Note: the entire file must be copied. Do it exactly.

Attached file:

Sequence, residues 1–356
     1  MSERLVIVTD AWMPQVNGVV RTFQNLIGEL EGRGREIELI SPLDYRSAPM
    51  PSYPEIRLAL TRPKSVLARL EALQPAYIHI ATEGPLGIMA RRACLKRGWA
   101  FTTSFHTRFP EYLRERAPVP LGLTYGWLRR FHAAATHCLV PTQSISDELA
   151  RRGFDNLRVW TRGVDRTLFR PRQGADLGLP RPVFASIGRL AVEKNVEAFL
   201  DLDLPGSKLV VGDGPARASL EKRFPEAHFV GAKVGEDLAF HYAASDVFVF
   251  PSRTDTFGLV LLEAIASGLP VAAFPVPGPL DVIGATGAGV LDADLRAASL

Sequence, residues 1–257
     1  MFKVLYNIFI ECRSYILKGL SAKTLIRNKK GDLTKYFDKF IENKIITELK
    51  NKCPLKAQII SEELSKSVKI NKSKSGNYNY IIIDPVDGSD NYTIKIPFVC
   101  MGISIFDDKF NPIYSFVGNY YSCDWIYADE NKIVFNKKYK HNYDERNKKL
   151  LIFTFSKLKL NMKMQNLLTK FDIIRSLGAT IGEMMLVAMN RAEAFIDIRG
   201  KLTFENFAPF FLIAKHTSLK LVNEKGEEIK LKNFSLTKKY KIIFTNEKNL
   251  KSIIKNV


Sequence, residues 1–356
     1  MSERLVIVTD AWMPQVNGVV RTFQNLIGEL EGRGREIELI SPLDYRSAPM
    51  PSYPEIRLAL TRPKSVLARL EALQPAYIHI ATEGPLGIMA RRACLKRGWA
   101  FTTSFHTRFP EYLRERAPVP LGLTYGWLRR FHAAATHCLV PTQSISDELA
   151  RRGFDNLRVW TRGVDRTLFR PRQGADLGLP RPVFASIGRL AVEKNVEAFL
   201  DLDLPGSKLV VGDGPARASL EKRFPEAHFV GAKVGEDLAF HYAASDVFVF
   251  PSRTDTFGLV LLEAIASGLP VAAFPVPGPL DVIGATGAGV LDADLRAASL

Sequence, residues 1–257
     1  MFKVLYNIFI ECRSYILKGL SAKTLIRNKK GDLTKYFDKF IENKIITELK
    51  NKCPLKAQII SEELSKSVKI NKSKSGNYNY IIIDPVDGSD NYTIKIPFVC
   101  MGISIFDDKF NPIYSFVGNY YSCDWIYADE NKIVFNKKYK HNYDERNKKL
   151  LIFTFSKLKL NMKMQNLLTK FDIIRSLGAT IGEMMLVAMN RAEAFIDIRG
   201  KLTFENFAPF FLIAKHTSLK LVNEKGEEIK LKNFSLTKKY KIIFTNEKNL
   251  KSIIKNV